Mulberry creative director Johnny Coca is stepping down after 5 years

The designer’s last contribution to Mulberry will be the spring/summer 2021 collection.

British fashion brand Mulberry recently announced that their creative director Johnny Coca will be leaving the brand after five years.

Mulberry revealed the news officially in a statement, declaring Coca would officially step down from his role at the end of March 2020, with his spring/summer 2021 scheduled to be his final collection for the brand.

“Johnny’s creative vision has been a key element in delivering our strategy to develop Mulberry as an international luxury lifestyle brand,” said Thierry Andretta, Mulberry’s chief executive officer, following the announcement. “On behalf of the Mulberry board and entire team we wish Johnny every success in his next venture.”

Coca also expressed his pride over everything he had achieved during his 5-year tenure.

“I have loved my time with this iconic British heritage brand, and would like to thank the amazing teams and everyone who has supported me during my time here,” he said. “I am proud of everything we have achieved and the collections we have created. The passion and dedication I have seen at Mulberry has been incredible and I am honoured to have been part of the brand’s history.”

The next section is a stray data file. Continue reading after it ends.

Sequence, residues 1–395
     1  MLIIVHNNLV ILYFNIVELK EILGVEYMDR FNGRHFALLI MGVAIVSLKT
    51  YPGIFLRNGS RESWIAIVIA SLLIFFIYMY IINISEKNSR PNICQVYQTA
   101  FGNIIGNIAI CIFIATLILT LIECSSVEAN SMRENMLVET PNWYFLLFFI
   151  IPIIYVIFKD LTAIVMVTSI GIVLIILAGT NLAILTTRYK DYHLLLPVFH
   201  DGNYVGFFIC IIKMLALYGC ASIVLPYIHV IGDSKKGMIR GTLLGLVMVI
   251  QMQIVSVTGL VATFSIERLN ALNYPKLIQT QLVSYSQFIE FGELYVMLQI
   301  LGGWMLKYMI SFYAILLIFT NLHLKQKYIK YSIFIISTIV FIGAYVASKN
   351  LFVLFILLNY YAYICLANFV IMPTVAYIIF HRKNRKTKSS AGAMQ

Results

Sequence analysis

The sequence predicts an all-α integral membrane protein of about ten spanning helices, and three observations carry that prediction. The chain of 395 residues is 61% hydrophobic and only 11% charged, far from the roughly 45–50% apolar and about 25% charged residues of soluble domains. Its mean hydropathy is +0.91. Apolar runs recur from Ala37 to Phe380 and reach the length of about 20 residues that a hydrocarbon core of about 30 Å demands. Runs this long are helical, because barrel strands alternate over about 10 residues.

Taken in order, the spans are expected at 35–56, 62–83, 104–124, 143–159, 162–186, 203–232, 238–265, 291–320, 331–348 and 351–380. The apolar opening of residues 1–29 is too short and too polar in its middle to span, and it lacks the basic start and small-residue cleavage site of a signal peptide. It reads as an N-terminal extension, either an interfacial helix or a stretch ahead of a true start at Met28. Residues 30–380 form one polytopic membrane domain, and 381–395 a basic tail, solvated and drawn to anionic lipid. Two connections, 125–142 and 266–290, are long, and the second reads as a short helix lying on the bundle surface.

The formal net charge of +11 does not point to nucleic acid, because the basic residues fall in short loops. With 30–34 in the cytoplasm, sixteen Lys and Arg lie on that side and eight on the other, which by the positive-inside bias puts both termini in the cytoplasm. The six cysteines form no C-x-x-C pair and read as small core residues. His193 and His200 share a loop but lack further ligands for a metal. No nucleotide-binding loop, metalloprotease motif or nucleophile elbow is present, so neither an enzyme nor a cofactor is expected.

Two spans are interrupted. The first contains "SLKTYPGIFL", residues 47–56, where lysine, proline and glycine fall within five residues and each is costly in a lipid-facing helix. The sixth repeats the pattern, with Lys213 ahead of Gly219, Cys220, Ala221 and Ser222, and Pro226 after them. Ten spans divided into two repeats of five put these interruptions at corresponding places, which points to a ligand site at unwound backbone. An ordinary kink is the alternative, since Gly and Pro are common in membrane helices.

Johnny Coca with a model at the Mulberry Regent Street flagship for the launch the ‘Iris for Iris’ collection. (Photo from @mulberryengland Instagram)

The Spanish-born designer first joined Mulberry in 2015 after his time at French fashion house Celine as its head design director for leather foods, accessories, shoes and jewellery, as well as a designer for Louis Vuitton.

At Mulberry, Coca reinvigorated the luxury label by reworking its logo, offering a more affordable range, introducing eyewear and trainers, and putting a circular fashion model at the forefront of its collections. He also contributed to the growing industry of sustainable fashion during his time at the heritage brand.

It was only earlier this year when Coca unveiled Mulberry’s sustainable leather Portobello tote, and the M Collection, which features bags and outerwear crafted using a fine blend of Econyl-branded regenerated nylon and sustainable cotton. In February, Mulberry also launched its “Made to Last” exhibition, which put under the spotlight a handbag exchange where customers could put their current accessories towards their next investment.

In addition to strengthening the brand, Coca also oversaw a successful international expansion programme that helped the brand to extend its global presence across the UK, Japan, South Korea, North America, Europe, and Australia.

Mulberry has already begun the process of finding Coca’s successor, and promises to continue developing timeless, innovative products.

“As we head towards our 50th anniversary in 2021, we continue to focus on our strategy to build Mulberry as a global luxury brand,” Andretta shared his vision for the future. “We remain committed to developing responsible, innovative products, underpinned by a strong in-house creative team and our international direct-to-customer omni-channel business model.”

Photo: Mulberry
Featured Image: AFP via Getty Images 

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